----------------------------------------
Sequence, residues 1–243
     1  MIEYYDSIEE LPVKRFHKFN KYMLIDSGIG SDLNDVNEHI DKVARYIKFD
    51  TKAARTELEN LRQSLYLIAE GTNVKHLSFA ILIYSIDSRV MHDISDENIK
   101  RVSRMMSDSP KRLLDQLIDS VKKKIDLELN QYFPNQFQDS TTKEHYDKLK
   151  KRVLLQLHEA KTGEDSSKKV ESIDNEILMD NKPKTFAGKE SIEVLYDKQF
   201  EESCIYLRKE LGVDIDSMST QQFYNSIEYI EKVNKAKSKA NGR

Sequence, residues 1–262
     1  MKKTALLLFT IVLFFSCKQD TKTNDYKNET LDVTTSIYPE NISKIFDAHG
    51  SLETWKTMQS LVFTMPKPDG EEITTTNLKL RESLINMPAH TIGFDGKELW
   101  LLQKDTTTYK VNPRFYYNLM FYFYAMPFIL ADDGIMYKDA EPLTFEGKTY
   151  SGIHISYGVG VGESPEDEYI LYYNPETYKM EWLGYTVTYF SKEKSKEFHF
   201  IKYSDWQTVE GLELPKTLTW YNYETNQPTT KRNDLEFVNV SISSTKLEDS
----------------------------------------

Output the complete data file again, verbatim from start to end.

Sequence, residues 1–243
     1  MIEYYDSIEE LPVKRFHKFN KYMLIDSGIG SDLNDVNEHI DKVARYIKFD
    51  TKAARTELEN LRQSLYLIAE GTNVKHLSFA ILIYSIDSRV MHDISDENIK
   101  RVSRMMSDSP KRLLDQLIDS VKKKIDLELN QYFPNQFQDS TTKEHYDKLK
   151  KRVLLQLHEA KTGEDSSKKV ESIDNEILMD NKPKTFAGKE SIEVLYDKQF
   201  EESCIYLRKE LGVDIDSMST QQFYNSIEYI EKVNKAKSKA NGR

Sequence, residues 1–262
     1  MKKTALLLFT IVLFFSCKQD TKTNDYKNET LDVTTSIYPE NISKIFDAHG
    51  SLETWKTMQS LVFTMPKPDG EEITTTNLKL RESLINMPAH TIGFDGKELW
   101  LLQKDTTTYK VNPRFYYNLM FYFYAMPFIL ADDGIMYKDA EPLTFEGKTY
   151  SGIHISYGVG VGESPEDEYI LYYNPETYKM EWLGYTVTYF SKEKSKEFHF
   201  IKYSDWQTVE GLELPKTLTW YNYETNQPTT KRNDLEFVNV SISSTKLEDS